The Case Against Kyrie Irving’s Flat Earth Theory
“This is not even a conspiracy theory. The Earth is flat. The Earth is flat. … It’s right in front of our faces. I’m telling you, it’s right in front of our faces. They lie to us.”
Those were the words of Cleveland Cavaliers point guard Kyrie Irving on the Road Trippin’ with RJ & Channing podcast with teammates Richard Jefferson and Channing Frye.
Believe it or not, this was a commonly accepted belief by Greece, India and China until the 17th century. The first rumblings about the earth having a spherical shape was first introduced in the 6th century BC, with Aristotle officially providing evidence to stake the claim around 330 BC.
Irving remains unconvinced. And there’s precedent, at least for him personally.
“I’ve seen a lot of things that my educational system has said that was real that turned out to be completely fake. I don’t mind going against the grain in terms of my thoughts.”
It’s been more than a decade since the last time I studied planetary sciences, but no matter where you look, there is plenty of scientific evidence to debunk Irving’s frivolous and rather uneducated comment. Here are just a few things to consider:
During his studies, Aristotle noticed that during lunar eclipses — when earth’s orbit places the planet directly between the sun and moon — the shadow on the moon’s surface was round.
In the sequential view of the April 2014 lunar eclipse, you can see earth’s shadow clearly crossing the face of the moon. The shadow of earth’s shape is curved because the planet is a sphere.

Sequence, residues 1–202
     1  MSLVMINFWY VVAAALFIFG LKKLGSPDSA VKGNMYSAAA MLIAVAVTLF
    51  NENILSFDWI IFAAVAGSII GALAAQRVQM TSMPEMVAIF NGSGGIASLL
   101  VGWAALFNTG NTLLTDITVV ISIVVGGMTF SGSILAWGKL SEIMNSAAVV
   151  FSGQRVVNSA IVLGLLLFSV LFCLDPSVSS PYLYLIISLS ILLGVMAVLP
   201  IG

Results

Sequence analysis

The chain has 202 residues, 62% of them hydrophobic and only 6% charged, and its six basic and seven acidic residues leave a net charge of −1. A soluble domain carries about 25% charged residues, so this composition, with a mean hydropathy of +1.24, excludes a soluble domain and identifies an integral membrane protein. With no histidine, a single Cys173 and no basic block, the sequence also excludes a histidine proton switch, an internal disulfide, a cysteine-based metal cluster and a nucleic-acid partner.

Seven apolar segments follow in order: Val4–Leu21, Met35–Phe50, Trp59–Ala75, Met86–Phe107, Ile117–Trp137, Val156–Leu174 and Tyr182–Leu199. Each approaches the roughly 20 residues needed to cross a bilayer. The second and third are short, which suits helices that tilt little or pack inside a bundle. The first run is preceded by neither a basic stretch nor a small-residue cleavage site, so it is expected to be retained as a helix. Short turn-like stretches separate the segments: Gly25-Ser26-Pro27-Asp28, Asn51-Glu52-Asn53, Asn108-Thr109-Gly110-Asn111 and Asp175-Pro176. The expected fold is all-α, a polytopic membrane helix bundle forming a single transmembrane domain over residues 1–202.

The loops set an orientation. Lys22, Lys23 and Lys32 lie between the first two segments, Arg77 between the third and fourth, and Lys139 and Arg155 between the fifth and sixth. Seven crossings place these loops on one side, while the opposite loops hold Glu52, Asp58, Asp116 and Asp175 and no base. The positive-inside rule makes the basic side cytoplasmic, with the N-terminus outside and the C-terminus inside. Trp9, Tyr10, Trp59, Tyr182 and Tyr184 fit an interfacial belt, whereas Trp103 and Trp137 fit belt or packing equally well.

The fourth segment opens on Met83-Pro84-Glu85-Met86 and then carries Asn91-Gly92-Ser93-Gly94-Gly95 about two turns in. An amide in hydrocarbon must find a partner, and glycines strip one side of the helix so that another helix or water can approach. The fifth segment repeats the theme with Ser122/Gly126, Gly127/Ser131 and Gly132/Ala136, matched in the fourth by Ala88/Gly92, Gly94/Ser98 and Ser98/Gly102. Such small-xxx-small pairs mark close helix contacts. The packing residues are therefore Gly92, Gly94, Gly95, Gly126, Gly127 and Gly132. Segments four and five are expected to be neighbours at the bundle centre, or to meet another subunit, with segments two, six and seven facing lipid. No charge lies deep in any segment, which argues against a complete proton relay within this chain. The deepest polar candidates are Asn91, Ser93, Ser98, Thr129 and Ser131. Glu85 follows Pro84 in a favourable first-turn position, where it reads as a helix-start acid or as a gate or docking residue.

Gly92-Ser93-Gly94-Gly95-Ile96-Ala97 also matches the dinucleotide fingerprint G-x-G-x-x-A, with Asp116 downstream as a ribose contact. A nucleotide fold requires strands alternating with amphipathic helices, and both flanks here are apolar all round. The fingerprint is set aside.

In his book On the Heavens, Aristotle wrote: “Again, our observations of the stars make it evident, not only that the Earth is circular, but also that it is a circle of no great size. For quite a small change of position to south or north causes a manifest alteration of the horizon.”
Quite simply, you’ll see a different set of stars in the night sky depending where on the planet you are. The sky over the northern hemisphere is not the same sky over the southern hemisphere. If earth was flat, we’d all be looking at the same sky at any given time, and we’re not.
Another Greek thinker and mathematician, Eratosthenes, managed to measure earth’s circumference.
He discovered that on one particular day at noon in one Egyptian city, the sun was directly overhead. However, in another city he visited, the sun hadn’t risen so high. Eratosthenes knew the distance between the two cities, measured how high in the sky the Sun rose to in each at the same time, then did some trigonometry. His method was crude, but his answer was in the right ballpark.
The Center of Gravity
The most interesting fact about mass is that it attracts things to itself. The force of attraction (gravity) between two objects depends on their mass and the distance between them. Simply said, gravity will pull toward the center of mass of the objects. To find the center of mass, you have to examine the object.
Since a sphere has a consistent shape, no matter where you stand on it, you have exactly the same amount of sphere underneath you. A sphere’s center of mass is in the center of the sphere, meaning gravity will pull anything on the surface toward the center, no matter where it’s located.
On a flat plane, the center of mass is in its center, leaving the force of gravity to pull anything on the surface toward the middle of the plane. This means if you stood on the edge of the plane, gravity would pull you toward the center, not down as experience on earth.
And finally, if this isn’t enough for you, there’s a more interactive and educated approach to take: buy yourself a telescope and look up.